In the last few years, big tech companies outperformed nearly every competitor. The disruptive force and dominance of these companies seem to have almost  become a self-fulfilling prophecy, with consumers and investors rewarding them for almost everything they do. But what is driving our awe for these big tech companies?

Our observations

  • Apple’s “1984” advertisement distinguishes Apple from other technology companies. In the commercial, a young and colorfully dressed woman (representing the Apple Macintosh) destroys a large blue computer and its colorless, obedient followers, symbolizing how Apple would disrupt the grey, blue-chip-computer corporates of that  time (most likely IBM or Microsoft). The title 1984 is a reference to George Orwell’s  1984, and conveys the message that Apple’s technology can save us from the boredom and conformity of standardized mass culture, corresponding to Steve Jobs’ mission  statement for Apple “to make a contribution to the world by making tools for the mind  that advance humankind”.
  • In April, more than 100 million people around the world had Amazon Prime, a paid  subscription model that gives users free two-day delivery and access to other Amazon products and services. The company shipped a whopping 5 billion Prime items last  year, succeeding in its mission “to be Earth’s most customer-centric company, where customers can find and discover anything they might want to buy online” and to  endeavor “to offer its customers the lowest possible prices.”
  • In his novel “Snow Crash”, author Neal Stephenson coined the term “metaverse”: a  virtually enhanced reality, populated by user-controlled avatars, like a massive online  multiplayer game. During the OC3 event in 2016, Mark Zuckerberg unveiled how  Facebook users can create their own virtual avatars and by using Oculus’ (a Facebook subsidiary) VR headsets, they can socialize, communicate, and share experiences in a  fully virtual world in real-time (the Rooms and PartiesProject). Facebook’s idea of  social VR” resembles Stephenson’s metaverse concept, and is meant to aid Facebook in its mission to “give people the power to build community and bring the world closer together.”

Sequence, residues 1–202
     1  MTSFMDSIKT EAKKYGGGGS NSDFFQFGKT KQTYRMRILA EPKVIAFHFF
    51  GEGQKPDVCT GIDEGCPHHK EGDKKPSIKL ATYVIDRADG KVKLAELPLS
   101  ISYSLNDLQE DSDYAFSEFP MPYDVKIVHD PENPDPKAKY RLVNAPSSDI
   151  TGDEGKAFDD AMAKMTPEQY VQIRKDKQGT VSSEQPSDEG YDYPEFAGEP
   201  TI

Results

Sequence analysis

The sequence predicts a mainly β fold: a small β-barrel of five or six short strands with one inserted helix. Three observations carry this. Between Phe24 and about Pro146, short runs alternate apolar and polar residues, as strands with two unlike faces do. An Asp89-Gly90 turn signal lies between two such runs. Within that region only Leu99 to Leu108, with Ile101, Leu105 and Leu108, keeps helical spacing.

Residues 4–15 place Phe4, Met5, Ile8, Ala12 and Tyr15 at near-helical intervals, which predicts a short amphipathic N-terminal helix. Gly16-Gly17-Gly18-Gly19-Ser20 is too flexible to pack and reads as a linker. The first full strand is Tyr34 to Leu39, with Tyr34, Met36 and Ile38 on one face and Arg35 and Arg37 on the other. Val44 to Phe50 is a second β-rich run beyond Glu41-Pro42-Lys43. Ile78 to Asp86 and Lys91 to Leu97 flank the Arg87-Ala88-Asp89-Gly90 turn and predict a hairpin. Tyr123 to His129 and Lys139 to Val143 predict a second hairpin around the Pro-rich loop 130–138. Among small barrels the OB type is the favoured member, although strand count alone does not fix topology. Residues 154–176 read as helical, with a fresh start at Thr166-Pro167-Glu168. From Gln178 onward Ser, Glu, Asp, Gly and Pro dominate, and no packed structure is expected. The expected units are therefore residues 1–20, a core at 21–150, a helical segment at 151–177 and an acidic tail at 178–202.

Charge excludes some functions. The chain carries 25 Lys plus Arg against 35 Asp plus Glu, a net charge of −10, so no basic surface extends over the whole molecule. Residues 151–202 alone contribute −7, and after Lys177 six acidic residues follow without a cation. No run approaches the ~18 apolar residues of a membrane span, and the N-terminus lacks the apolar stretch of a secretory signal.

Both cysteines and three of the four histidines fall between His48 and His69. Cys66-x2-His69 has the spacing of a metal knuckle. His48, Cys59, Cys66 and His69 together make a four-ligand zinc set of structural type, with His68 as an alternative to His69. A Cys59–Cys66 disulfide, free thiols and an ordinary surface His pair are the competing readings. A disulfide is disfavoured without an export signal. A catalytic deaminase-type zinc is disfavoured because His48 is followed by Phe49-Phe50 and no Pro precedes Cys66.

• In their book The New Digital Age, then-Google Executive Chairman Eric Schmidt and Google Ideas CEO Jared Cohen explain how the internet and open data leads to the  democratization of political systems, the flattening of our world into a global village and how information access would make superstitions crumble. In this sense, the  book’s claim nicely fits Google’s mission statement that it aims to “organize the world’s information and make it universally accessible and useful.”

Connecting the dots

The dominance of big tech can be explained by the logic of platform economics. We have  written about how data creates new business models and how platforms are disrupting traditional industries and create a “winner takes all” dynamic. By harvesting lots of data and  having the in-house intelligence to transform this into meaningful information, these companies can leverage the free cash flows from their platforms and their scale into other domains to become powerful digital conglomerates. And indeed, the quadropoly of Amazon,  Apple, Facebook, and Alphabet bears evidence to how powerful these companies can become in our digital economy.
Big tech companies tap into our basic human desires. Apple addresses our longing for a lifestyle and sharing symbols and tokens with one’s peer group (iPhones, App stores), Facebook our desire to have relationships and connections to share (liking and sharing) our experiences and everyday life with others in a public space (the Instagram or Facebook wall as hyper-individualized representations of ourselves). Google’s Alphabet provides the information to satiate our thirst for knowledge by providing knowledgeas-a-service for free, while Amazon stills our hunger to consume ever more goods (from food to every imaginable FMCG). As such, these companies appeal to very fundamental categories of our existence.